Mayor says city will use bylaws to get convicted sex offender to move

Henry Braun attends rally and says the home where James Conway is living is being operated outside of its permitted zoning use

Mayor Henry Braun was at a rally on Sunday morning on Joanita Place in Abbotsford. The event was held by residents to protest convicted sex offender James Conway living in the neighbourhood.

Convicted sex offender James Conway has been told he needs to find a new place to live, after city legal staff concluded that his current residence is being used outside of its permitted zoning designation.

Mayor Henry Braun dropped by a rally held Sunday morning on Joanita Place – in the Bradner area of north Abbotsford – to inform concerned citizens that the city will pursue the matter legally if Conway and the home’s other resident do not leave.

Braun said current zoning for the property permits only agricultural and residential uses.

It is the opinion of city staff that using the property to house two convicted offenders and a supervisor places it in a commercial-use category, which means it is operating in contravention of zoning bylaws, he said.

He said city staff looked into the matter and came to this conclusion on Friday afternoon. The property owner, who leases the site; Correctional Service Canada; and BC Corrections have all been notified, Braun said.

He said it is hoped the matter can be resolved without court action.

“I will take this as far as I have to,” Braun said, adding that it could take weeks or months for a resolution.

He said the matter of where Conway would live if he leaves the home is not a municipal government decision, and the laws need to change to keep such offenders from being bounced from one community to the next.

Braun said he was disappointed that the city hadn’t been notified ahead of time that Conway would be living in Abbotsford.

Rally organizer Kim Iverson, who lives on Joanita Place, said she was pleased to hear the news from the mayor that action was being taken to remove Conway from the neighbourhood.

“I’m super, super excited. I think it’s a really good start. I feel like a huge weight has been lifted off my chest,” she said.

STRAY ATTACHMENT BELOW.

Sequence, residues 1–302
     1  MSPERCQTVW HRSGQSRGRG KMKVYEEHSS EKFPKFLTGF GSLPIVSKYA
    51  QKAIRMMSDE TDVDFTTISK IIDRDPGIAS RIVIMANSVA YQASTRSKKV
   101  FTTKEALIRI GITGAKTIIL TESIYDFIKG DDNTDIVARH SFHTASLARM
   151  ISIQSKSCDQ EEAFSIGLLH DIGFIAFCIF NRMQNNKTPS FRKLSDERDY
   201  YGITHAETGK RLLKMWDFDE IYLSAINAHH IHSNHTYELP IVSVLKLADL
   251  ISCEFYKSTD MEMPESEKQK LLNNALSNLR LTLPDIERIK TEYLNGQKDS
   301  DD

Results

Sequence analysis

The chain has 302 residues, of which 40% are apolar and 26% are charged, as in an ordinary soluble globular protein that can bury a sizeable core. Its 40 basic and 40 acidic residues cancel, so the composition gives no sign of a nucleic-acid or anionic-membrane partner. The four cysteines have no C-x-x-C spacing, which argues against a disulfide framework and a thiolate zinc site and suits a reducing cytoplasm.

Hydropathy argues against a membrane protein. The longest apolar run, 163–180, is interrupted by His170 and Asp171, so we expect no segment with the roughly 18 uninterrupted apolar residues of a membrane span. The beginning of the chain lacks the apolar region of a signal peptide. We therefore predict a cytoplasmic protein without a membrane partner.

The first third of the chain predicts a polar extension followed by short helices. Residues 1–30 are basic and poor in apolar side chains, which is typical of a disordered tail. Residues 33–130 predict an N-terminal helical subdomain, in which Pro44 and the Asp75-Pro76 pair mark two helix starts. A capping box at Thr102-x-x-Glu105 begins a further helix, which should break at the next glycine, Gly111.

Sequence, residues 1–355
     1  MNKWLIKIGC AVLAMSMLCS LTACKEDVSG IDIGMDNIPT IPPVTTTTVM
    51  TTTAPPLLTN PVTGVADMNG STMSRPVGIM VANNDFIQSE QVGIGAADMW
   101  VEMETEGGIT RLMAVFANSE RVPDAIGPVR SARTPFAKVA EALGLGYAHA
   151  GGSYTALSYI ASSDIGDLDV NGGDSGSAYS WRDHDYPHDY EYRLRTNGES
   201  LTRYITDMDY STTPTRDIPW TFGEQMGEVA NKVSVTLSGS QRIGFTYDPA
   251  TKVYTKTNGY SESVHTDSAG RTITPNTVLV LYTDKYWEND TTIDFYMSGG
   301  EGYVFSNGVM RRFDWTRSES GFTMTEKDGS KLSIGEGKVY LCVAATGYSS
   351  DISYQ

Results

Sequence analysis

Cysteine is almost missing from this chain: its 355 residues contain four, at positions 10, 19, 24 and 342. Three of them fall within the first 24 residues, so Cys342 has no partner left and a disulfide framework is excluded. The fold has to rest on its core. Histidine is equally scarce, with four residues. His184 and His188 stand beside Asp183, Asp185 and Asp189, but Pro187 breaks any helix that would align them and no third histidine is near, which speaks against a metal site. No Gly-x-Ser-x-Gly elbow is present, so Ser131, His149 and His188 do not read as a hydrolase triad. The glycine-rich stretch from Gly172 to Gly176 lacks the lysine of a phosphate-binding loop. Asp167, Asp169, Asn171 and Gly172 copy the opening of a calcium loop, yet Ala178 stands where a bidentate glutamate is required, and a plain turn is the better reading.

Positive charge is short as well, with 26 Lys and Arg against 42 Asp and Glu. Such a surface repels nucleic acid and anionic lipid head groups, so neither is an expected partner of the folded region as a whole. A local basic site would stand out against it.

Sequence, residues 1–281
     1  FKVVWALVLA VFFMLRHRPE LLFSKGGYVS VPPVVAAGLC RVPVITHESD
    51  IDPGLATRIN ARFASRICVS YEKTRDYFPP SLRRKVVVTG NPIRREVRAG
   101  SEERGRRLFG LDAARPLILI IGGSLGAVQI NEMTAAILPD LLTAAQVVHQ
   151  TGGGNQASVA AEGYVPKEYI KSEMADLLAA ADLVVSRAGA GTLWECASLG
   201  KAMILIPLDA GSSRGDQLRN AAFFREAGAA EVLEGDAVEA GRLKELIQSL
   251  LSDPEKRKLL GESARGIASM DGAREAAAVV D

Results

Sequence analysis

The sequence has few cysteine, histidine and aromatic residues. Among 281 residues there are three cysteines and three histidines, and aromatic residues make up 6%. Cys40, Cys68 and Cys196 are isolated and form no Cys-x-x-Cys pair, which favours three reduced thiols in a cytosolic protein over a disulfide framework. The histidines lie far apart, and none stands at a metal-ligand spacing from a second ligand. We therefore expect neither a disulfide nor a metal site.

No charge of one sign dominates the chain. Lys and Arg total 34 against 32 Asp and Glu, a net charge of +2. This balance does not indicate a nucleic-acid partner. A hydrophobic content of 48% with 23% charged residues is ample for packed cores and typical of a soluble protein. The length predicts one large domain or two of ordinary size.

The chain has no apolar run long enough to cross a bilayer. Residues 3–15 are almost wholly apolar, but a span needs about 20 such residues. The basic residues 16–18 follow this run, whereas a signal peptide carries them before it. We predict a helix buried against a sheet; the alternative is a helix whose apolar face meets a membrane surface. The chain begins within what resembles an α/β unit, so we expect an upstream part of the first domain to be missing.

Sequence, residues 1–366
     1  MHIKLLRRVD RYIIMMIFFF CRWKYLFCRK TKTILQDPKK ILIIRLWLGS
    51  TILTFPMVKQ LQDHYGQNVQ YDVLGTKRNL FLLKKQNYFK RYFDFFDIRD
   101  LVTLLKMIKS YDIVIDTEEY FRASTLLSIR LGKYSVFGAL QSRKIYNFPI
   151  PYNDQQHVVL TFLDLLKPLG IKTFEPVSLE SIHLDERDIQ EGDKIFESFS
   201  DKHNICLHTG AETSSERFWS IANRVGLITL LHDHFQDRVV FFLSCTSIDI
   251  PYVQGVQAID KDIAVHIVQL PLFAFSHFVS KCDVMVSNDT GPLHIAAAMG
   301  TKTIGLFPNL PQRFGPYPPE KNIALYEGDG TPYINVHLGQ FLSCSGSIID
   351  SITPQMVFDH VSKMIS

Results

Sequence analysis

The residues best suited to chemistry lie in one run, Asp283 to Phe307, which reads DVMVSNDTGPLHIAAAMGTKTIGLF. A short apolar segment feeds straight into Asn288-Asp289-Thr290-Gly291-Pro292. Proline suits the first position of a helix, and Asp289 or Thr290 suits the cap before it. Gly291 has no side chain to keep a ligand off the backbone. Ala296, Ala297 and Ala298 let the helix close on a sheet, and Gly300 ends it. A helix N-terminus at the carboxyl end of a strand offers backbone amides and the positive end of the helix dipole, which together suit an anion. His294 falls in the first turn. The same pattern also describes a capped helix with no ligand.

Neighbours previously expressed concerns that although Conway wears an electronic bracelet that sets off an alarm if he leaves the home, it will take police at least 20 minutes to get to the rural neighbourhood.

Conway, 40, has a long criminal history, including three convictions for sexual offences against children, as well as sexual interference of a person under 16, sexual assault and arson.

He has also breached the conditions of his release at least twice.

Conway settled in Surrey after being released from prison in February of this year but was back in jail 10 days later when he allegedly breached his conditions.

He was again released from custody in April and resided in Delta before moving to Abbotsford. The Abbotsford Police Department released a public notice on Aug. 1 that Conway was moving to the community, although they didn’t specify where.

But residents of Joanita Place quickly found out that Conway was living on their street, and they held their first public rally on Aug. 23.

A second rally had already been planned for today when the residents received word that the mayor would attend and share an announcement.

“Our primary concern is public safety and it is the first consideration in any actions that may be undertaken,” Braun said in a press released issued early Sunday morning.

(Photo below by Vikki Hopes: Kim Inverson (with megaphone) leads a rally on Sunday morning to protest convicted sex offender James Conway living in her neighbourhood.)

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